Before you decide I’m a terrible parent, hear me out! I looked everywhere and could find absolutely nothing to back the idea that cold milk would be bad for baby. I asked 2 midwives and 2 doctors and all of them said it would be fine. And ultimately, I tested it on Bean herself – I figured if she didn’t like it, I wouldn’t give it to her. But she was never fazed by it – she drank it down from the first without even making a face.

This enabled me to do several things with much more ease (and avoid temptation to schedule feed or try to get her to drink a certain amount every time).

The danger with heating a bottle and keeping anything left over is the possibility of bacteria multiplying at those temperatures; as we didn’t heat the milk, we could simply refrigerate it again right away after she drank what she wanted.

We made bottles ahead of time, kept them in a cooler bag for going out and during the night, and she could determine her own schedule for eating without our having to throw any out. (Though I will say that if she hadn’t liked her milk cold, we would have continued to make every effort to let her lead when it came to her feeding – even if it did mean pouring milk down the drain!)

Get Your Partner Involved

Bottle feeding can be a great opportunity for your partner to get in on the bonding experience. Encourage them to make it one, too – skin to skin, focusing on baby during feeding. It can be a truly awesome experience for them as it is for you.

Love in Preparation

Though it made me feel a little silly at times, I always felt a sense of pride and love whenever I was preparing bottles for baby. Cleaning them properly, making sure we were well prepared, knowing she would never want for food at any time – it truly was an act of love.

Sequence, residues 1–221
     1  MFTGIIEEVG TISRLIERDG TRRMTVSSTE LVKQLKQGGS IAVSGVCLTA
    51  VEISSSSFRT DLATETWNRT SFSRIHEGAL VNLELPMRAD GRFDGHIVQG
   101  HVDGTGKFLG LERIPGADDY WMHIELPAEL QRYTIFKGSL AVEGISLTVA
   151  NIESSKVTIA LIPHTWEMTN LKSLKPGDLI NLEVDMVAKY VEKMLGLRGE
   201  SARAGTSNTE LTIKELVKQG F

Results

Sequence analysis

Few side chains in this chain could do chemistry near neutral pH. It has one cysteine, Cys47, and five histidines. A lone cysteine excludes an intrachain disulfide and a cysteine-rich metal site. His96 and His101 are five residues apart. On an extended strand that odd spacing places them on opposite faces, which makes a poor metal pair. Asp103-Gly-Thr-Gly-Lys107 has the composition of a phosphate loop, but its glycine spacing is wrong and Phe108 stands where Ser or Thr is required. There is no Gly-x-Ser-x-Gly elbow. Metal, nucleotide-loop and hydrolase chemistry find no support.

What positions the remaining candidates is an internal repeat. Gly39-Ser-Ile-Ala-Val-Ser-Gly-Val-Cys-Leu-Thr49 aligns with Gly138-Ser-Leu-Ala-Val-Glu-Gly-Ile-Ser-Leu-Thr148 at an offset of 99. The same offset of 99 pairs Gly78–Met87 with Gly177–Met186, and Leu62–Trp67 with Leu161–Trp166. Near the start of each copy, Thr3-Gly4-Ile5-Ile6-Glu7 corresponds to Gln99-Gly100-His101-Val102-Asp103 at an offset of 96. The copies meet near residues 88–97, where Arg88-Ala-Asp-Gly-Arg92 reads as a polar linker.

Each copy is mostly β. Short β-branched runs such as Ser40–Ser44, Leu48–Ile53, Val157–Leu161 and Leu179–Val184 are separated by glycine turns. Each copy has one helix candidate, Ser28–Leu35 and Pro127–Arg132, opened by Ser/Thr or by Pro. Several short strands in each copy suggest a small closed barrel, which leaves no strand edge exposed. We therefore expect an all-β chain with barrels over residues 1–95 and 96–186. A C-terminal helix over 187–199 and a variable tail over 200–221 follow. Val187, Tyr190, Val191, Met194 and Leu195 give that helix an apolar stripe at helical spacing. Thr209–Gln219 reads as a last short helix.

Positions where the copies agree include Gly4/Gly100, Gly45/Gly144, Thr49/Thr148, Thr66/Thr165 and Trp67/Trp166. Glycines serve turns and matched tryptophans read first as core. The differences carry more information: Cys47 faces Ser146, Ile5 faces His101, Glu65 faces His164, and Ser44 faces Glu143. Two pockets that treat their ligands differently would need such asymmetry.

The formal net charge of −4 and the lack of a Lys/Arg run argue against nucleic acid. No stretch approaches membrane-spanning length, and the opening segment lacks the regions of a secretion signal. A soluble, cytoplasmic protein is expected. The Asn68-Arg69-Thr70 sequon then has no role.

I’m not going to say it never felt like a chore (it did, on more than one occasion), but for the most part I was conscious of the care I had for my daughter through the food that I prepared for her – something I’ve tried to continue now that she eats solids.

Don’t Feel Guilty

If you’re here at the Natural Parents Network and consider yourself to be an attachment sort of parent, I’m guessing you may feel some guilt around the idea of feeding your little by bottle – I know I certainly have!

But ultimately, it’s something you have to get over. None of us can change the past or decisions that were made that led us to this place – but we do control how we continue to react to them.

I’ve had plenty of crying jags and thoughts of being a terrible mother and apologies made to Bean for not feeding her “the right way” – but ultimately those thoughts and actions are not serving her. Being joyful in the way I feed her and prepare her food, being knowledgeable in the decisions I make about what goes into her body and confident that I’ve made the best choices for us that I could – these are the things that will serve her.